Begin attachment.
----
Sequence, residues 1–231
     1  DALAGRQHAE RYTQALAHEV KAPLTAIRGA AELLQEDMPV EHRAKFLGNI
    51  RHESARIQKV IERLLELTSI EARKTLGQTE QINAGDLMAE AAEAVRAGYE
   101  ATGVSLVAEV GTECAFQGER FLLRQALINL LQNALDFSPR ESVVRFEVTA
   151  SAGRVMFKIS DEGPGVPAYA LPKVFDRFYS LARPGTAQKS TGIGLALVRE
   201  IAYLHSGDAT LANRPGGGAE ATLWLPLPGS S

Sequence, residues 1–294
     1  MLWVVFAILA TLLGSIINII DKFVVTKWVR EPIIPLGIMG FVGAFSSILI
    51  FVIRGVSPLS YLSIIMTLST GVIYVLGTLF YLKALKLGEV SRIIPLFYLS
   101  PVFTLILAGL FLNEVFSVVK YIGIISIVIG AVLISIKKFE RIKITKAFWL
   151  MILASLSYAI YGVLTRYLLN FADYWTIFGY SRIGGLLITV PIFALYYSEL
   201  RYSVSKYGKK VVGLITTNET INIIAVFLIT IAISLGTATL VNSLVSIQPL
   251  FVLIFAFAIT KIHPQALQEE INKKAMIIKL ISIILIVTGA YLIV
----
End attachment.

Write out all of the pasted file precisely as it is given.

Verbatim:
Sequence, residues 1–231
     1  DALAGRQHAE RYTQALAHEV KAPLTAIRGA AELLQEDMPV EHRAKFLGNI
    51  RHESARIQKV IERLLELTSI EARKTLGQTE QINAGDLMAE AAEAVRAGYE
   101  ATGVSLVAEV GTECAFQGER FLLRQALINL LQNALDFSPR ESVVRFEVTA
   151  SAGRVMFKIS DEGPGVPAYA LPKVFDRFYS LARPGTAQKS TGIGLALVRE
   201  IAYLHSGDAT LANRPGGGAE ATLWLPLPGS S

Sequence, residues 1–294
     1  MLWVVFAILA TLLGSIINII DKFVVTKWVR EPIIPLGIMG FVGAFSSILI
    51  FVIRGVSPLS YLSIIMTLST GVIYVLGTLF YLKALKLGEV SRIIPLFYLS
   101  PVFTLILAGL FLNEVFSVVK YIGIISIVIG AVLISIKKFE RIKITKAFWL
   151  MILASLSYAI YGVLTRYLLN FADYWTIFGY SRIGGLLITV PIFALYYSEL
   201  RYSVSKYGKK VVGLITTNET INIIAVFLIT IAISLGTATL VNSLVSIQPL
   251  FVLIFAFAIT KIHPQALQEE INKKAMIIKL ISIILIVTGA YLIV